What’s the point of standardized tests?

[O]n Wednesday, Barbara Byrd-Bennet, the [Chicago] district CEO, said that she still has big concerns about the [PARCC] test and doesn’t want to administer it to students this spring:

“The purpose of standardized assessments is to inform instruction. At present, too many questions remain about PARCC to know how this new test provides more for teachers, students, parents, and principals than we are already providing through our current assessment strategies.” [from a recent Washington Post article]


No, alas. The purpose of large-scale standardized tests is to audit performance, not be an authentic, transparent, and therefore useful assessment of key goals. Nor, by the way, do current district tests in Chicago or most anywhere else meet her standard. How can any test inform instruction if it stays secure?

This is dismaying to realize but it has always been thus. Large external tests – including most district and many school tests – are almost never designed to be exemplary feedback. How could they be, if the test remains secure and if the results come back weeks/months later in only a general form? In addition, by relying on proxies for authentic work – because that is what a multiple-choice item is, a proxy – the feedback, such as it is, is practically useless.

Thought experiment. To see this oddity more clearly, imagine if we tested sports teams the way we test students now. Imagine if league championships in soccer or basketball were not decided by “local” games but by district, state and national tests on secure drill-like “items.” And now imagine if the test gave you no feedback as you shot, i.e. you didn’t know whether or not each shot – yours or other teams’ – did or didn’t go in. Imagine waiting weeks – ‘til the middle of the next sports’ season – for the “official results” and yet having no access to either the tasks or scoring methods used to support those results. Who would learn to be a better ballplayer (or coach) under such a system?

So, it is wrong to claim that mass secure testing provides helpful feedback and accountability. Not when the whole system is a bunch of secrets. (cf. the pending lawsuit against New York State, brought by a teacher whose accountability score cannot be challenged or analyzed; this defies common sense fairness.)

One clear solution: complete openness. A pedagogically sensible solution is to release all tests and the item analysis after the tests are given, so that teachers and students can learn from them. This is what Florida used to do in a clear and elegant way in its old FCAT and which Massachusetts still does (though less often). Here is an example of the helpful data provided for each test question from the old FCAT:

author purpose fcat

The Massachusetts MCAS remains the most open state testing system. You can go to the MCAS site and see results from the last decade (and thus use their tests and analysis for your own purposes locally today):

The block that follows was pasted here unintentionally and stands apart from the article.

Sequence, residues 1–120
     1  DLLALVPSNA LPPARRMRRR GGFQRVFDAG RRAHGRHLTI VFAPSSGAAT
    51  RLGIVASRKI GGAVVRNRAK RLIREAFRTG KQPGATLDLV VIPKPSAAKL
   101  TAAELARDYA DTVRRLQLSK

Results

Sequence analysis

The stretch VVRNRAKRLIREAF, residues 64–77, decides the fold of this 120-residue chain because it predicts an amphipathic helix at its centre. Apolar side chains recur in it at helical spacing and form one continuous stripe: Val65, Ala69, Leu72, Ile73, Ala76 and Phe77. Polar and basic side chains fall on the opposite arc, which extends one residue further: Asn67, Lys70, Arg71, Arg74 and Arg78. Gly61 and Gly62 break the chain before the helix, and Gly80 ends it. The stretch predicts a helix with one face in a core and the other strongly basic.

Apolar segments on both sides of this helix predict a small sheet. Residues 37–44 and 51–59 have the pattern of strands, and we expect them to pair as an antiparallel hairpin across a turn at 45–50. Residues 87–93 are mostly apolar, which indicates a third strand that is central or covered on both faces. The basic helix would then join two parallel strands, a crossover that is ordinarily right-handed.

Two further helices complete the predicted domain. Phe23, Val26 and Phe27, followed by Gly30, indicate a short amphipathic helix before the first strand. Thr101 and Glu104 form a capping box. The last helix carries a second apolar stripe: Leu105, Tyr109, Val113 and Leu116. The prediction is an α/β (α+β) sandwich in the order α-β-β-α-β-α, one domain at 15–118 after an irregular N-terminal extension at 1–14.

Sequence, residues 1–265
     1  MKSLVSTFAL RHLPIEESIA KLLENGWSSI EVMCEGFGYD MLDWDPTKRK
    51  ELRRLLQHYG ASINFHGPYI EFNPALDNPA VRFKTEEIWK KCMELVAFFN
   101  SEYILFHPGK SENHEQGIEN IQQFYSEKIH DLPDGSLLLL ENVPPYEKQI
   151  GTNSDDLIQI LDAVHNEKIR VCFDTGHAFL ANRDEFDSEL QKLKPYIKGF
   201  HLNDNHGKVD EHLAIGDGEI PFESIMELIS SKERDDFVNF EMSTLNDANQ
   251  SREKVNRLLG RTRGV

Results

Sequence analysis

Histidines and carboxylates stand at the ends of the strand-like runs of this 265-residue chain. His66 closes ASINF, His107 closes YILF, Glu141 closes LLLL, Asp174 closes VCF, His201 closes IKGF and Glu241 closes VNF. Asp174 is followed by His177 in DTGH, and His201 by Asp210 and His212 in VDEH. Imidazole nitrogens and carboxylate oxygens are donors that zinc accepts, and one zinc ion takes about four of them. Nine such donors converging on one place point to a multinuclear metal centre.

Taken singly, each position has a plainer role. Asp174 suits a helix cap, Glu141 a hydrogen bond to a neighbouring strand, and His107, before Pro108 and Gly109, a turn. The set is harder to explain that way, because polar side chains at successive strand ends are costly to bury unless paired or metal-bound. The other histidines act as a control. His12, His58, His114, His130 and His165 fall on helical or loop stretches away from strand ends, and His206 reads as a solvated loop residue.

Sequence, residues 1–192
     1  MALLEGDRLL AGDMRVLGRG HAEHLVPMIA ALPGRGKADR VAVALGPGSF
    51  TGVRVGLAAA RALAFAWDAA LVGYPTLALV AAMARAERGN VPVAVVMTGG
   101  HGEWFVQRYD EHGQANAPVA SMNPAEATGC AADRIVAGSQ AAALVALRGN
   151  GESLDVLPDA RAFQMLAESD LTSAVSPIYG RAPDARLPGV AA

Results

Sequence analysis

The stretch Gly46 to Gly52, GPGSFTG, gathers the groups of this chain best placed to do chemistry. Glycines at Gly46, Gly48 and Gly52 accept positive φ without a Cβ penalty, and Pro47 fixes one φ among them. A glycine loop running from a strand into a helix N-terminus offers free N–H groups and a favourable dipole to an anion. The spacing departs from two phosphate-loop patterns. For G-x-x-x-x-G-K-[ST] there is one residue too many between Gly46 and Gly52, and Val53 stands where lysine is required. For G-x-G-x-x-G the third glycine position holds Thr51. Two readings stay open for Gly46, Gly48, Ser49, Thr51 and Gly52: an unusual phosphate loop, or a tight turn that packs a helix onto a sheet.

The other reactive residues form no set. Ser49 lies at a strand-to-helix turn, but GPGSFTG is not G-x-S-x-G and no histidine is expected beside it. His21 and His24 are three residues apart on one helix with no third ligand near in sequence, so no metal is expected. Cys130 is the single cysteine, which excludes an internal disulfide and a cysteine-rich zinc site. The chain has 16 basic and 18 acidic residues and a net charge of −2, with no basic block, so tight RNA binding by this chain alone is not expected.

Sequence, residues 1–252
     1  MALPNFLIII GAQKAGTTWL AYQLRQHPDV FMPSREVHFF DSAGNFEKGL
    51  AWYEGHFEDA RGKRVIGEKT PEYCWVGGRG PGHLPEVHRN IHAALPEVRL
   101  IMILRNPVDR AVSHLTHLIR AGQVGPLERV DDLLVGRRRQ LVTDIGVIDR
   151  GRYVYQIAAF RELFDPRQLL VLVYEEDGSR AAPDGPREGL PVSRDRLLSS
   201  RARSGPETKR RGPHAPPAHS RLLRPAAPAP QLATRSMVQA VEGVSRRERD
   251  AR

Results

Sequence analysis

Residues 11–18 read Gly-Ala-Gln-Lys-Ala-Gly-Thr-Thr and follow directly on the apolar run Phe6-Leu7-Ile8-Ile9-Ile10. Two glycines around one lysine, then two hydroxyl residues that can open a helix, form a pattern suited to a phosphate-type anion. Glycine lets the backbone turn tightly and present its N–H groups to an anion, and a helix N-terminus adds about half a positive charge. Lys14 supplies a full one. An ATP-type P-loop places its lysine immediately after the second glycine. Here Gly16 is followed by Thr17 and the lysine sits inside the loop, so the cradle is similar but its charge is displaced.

MCAS gr 4 alg equation d

Ohio offers something more thorough in its K-8 testing (even though few items are released). Look at all this useful information:

Ohio Item

Great, you say! No. Because Florida long ago stopped releasing such information on its tests and Massachusetts only releases a few items now, like Ohio.

The culprit? Cost. It is very expensive to release all the test items. And the situation has gotten far worse in recent years: test companies strike deals with states to protect their intellectual property and demand that few items be released to protect it. And state departments of education let them get away with it.

So, any realistic hope of making test results formative is disappearing, to the harm of learning.

An old lament. Here’s what bugs me. Many of us made this argument 20-25 years ago. (Here is my piece from 20 years ago: immorality-of-test-security-wiggins.)  The limited value of secret one-shot standardized tests as feedback has been known for decades. They may be acceptable as low-stake audits; they are wretched as feedback mechanisms and as high-stakes audits. Why don’t audits work when they are high-stakes tests (unlike, say NAEP or PISA)? Because then everyone tries to “game” them through test prep. This inevitability was discussed by George Madaus and others 40 years ago.

Openness is everything in a democracy. Without such openness, what difference does it make if the PARCC or SB questions offer better tests – if we still do not know what the specific question by question results are? There can be no value or confidence in an assessment system in which all the key information remains a secret. Indeed, in some states you can be fired for looking at the test as a teacher!

PARCC or no PARCC, educators and educational associations should demand that any high-stakes test be released after it is given, supported by the kind of item analysis noted above. We don’t need merely better test questions; we need better feedback from all tests. Fairness as well as educational improvement demand it. And PS: the same is true for district tests.


PS: A few people have written asking me why I am calling large-scale M. C. tests “audits” of performance. They are audits in the same way your business is audited or in the same way once per year you go for the physical at your doctor’s office. Neither the audit nor the physical is the true measure; they are efficient indirect indicators or proxies for the real thing. Your aim is not to get good at the physical or the audit. It’s the other way around: if you or your business is “healthy” it shows up on the proxy test. That’s why test prep as the only strategy locally is dumb: that’s like practicing all year for the doctor’s physical; it confuses cause with effect. The point is to for local assessment to be so rigorous and challenging locally that the kids easily pass the state “physical” once per year.